Using Life Insurance To Pay For Senior Care
Is It Elder Law Or Estate Planning?
You've heard the words elder law and estate planning but are confused as to the difference. You're not alone. The question of what is elder law is asked frequently. Most people think they know what estate planning is. They are two separate areas of law, though there is some overlap.
Elder law involves the various legal, medical, and financial issues that occur as adults get elder. An elder law attorney assists clients in addressing and managing the legal, financial, and medical challenges of long-term care and the devastating costs associated with advanced age.
The focus of estate planning is to prepare a plan for what happens when a person dies. We will all leave certain assets and our obligations behind when we go, and it's important that they pass properly to the right parties with as little headache and heartache for the survivors as possible.
Estate planing clients span all ages from the elderly, to new parents, and even young adults. What is often overlooked though is the incredible impact that estate planning decisions can have on one's elder law concerns. For example, the way you dispose of assets estate plannings now could affect your eligibility for certain means PACED assistance in the future, and that fact raises a number of complex legal issues that demand responsible, professional attention as early as possible.
In fact, a whole host of legal issues can play out at the intersection of estate planning and elder law; Medicare, Medicaid, trusts, governmental and public benefits programs, long-term care insurance, healthcare directives. These are all factors that can totally change your approach to end-of-life care and the after death distribution of your assets.
Elder law and estate planning are both complex topics, and they are best considered together. It's so important that you not make mistakes in the course of your decision-making. It's all too easy to do so. The best attorney for your needs is one who has real insight into the profound implications that the decisions in one area can have on the other.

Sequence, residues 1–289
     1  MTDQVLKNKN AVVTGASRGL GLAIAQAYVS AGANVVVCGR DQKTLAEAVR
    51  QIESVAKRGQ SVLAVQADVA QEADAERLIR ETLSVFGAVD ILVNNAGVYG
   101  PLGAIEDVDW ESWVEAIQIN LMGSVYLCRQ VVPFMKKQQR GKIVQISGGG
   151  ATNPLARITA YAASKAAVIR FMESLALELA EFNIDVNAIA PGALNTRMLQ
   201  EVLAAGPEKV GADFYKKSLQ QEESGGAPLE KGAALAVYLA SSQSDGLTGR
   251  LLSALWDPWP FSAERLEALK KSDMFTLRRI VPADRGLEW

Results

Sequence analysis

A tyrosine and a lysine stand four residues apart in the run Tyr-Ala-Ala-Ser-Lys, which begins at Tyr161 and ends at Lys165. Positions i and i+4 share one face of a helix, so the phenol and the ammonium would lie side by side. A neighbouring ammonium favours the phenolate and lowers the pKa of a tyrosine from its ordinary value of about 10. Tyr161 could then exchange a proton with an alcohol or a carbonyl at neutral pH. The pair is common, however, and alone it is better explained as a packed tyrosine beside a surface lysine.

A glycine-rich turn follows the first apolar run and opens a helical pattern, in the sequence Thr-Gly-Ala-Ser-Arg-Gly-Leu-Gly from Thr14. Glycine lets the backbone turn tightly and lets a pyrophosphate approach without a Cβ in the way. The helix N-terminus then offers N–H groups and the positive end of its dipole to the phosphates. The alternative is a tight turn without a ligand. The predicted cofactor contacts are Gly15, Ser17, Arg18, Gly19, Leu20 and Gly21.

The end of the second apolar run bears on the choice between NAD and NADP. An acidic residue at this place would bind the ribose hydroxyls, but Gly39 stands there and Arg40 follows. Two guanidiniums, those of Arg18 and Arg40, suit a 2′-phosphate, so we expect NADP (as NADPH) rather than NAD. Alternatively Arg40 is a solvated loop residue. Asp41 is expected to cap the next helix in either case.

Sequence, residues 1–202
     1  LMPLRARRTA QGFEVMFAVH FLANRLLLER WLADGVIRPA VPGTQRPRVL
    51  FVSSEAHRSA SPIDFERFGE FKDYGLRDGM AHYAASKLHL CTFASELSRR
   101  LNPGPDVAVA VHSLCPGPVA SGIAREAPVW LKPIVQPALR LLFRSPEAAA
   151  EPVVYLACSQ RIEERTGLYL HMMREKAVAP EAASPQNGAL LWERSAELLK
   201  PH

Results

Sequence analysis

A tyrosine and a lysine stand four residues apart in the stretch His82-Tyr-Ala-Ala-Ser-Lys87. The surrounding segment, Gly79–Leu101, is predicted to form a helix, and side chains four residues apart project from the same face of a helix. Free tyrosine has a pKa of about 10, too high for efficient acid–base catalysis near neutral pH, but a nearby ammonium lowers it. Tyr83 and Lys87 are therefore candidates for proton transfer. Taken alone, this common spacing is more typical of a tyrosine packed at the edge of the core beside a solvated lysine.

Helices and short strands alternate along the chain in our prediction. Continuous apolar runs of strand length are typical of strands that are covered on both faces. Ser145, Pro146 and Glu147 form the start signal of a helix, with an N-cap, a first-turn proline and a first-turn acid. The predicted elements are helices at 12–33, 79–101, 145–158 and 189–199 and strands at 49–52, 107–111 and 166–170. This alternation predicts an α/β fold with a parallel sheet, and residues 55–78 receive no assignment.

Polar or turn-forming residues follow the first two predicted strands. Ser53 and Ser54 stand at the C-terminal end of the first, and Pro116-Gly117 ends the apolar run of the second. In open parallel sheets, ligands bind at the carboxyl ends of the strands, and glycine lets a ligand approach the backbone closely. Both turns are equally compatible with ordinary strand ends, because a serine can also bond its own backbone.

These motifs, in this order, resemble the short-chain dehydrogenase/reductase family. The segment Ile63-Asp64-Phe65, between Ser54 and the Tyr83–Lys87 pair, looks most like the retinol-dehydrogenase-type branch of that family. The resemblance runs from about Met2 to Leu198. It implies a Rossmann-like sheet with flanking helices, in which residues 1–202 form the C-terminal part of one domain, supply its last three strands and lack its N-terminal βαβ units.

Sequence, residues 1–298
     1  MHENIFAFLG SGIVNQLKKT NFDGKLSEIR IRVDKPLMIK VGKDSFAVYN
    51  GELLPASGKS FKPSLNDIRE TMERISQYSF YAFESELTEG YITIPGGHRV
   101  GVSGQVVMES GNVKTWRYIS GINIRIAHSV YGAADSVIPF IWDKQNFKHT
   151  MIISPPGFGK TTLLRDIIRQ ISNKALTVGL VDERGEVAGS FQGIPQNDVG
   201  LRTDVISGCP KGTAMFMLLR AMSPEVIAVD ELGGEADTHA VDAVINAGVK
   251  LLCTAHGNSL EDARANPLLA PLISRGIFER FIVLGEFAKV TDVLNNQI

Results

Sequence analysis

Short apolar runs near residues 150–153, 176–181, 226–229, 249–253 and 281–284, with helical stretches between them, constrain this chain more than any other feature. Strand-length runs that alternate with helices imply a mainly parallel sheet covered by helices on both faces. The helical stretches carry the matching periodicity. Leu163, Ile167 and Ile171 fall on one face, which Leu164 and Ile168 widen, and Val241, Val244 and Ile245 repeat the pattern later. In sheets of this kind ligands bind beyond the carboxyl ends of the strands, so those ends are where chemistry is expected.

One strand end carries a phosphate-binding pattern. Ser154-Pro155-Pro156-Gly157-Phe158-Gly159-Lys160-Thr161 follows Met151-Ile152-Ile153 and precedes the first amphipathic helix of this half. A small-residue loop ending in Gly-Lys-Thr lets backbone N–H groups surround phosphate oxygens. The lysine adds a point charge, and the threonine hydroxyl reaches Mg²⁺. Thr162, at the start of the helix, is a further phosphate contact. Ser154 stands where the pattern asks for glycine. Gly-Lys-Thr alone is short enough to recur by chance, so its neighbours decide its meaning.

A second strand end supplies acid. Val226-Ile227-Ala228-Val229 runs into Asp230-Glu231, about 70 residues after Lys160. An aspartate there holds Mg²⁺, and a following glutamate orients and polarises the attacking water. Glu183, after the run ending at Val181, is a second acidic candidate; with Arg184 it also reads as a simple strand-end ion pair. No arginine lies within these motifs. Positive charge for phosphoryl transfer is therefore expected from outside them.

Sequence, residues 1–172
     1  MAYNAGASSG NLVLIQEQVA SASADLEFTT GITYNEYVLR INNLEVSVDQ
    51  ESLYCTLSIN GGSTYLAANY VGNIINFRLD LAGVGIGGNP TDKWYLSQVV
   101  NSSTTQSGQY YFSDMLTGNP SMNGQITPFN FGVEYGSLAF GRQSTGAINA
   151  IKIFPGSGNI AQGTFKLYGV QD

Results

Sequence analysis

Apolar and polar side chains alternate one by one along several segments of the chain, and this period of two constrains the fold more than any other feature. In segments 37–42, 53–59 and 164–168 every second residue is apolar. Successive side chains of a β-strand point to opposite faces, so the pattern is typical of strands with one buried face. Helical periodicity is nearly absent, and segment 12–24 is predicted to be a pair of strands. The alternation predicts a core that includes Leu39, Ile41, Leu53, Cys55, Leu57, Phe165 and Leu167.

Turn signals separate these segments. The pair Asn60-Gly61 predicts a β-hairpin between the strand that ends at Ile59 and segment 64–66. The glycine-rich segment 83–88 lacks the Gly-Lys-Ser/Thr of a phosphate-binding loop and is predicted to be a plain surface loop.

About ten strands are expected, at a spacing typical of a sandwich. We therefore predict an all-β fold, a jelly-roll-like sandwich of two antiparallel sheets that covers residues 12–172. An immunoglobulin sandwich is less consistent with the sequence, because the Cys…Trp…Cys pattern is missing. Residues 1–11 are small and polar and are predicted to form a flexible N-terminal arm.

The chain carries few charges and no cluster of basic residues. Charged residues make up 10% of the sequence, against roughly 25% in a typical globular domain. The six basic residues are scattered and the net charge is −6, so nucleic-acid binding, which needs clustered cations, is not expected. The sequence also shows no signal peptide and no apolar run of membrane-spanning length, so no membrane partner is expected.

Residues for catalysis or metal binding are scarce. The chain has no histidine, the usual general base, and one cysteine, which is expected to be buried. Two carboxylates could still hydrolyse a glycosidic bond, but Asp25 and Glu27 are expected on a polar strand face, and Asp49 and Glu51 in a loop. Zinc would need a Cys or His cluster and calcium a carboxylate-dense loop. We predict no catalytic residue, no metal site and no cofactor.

What Do You Do Every Day As An Elder Law Attorney?
I hug people every day. More seriously though, I help people answer two questions. The first question is what happens if they pass away? Where do they want their stuff to go? Who do they want to get it? How do they want them to get it? We spend a lot of time talking to our clients about those issues.
The second is question is what happens if they don't die? What happens if they get sick and need any kind of long-term care? What happens if they need a nursing home? What happens if they want to stay home? We want to make sure people plan ahead so they aren't financially devastated by a nursing home admission, or they end up in a nursing home when they could've stayed home. If they haven't planned ahead and now need a nursing home, we help them apply for MassHealth, also called Medicaid, so they aren't financially devastated by a nursing home admission.
You've spent a lifetime caring for each other, but how do you do that if one of you gets sick? We find solutions, dedicated to helping seniors like you, and that begins with a phone call to us.
Long Term Care: Top 5 Reasons To Plan Ahead
According to estimates, if you are sixty one years old now, the average annual cost of long term care when you're seventy nine years old is likely to be over a hundred and eighty thousand dollars a year for nursing home care, over ninety six thousand dollars a year for assisted living care and over seventy five thousand dollars a year for in home care. According to the US Government Administration on Aging, seventy percent of the people who turn sixty five can expect to use some form of long term care during their lifetimes and twenty percent will need it for longer than five years.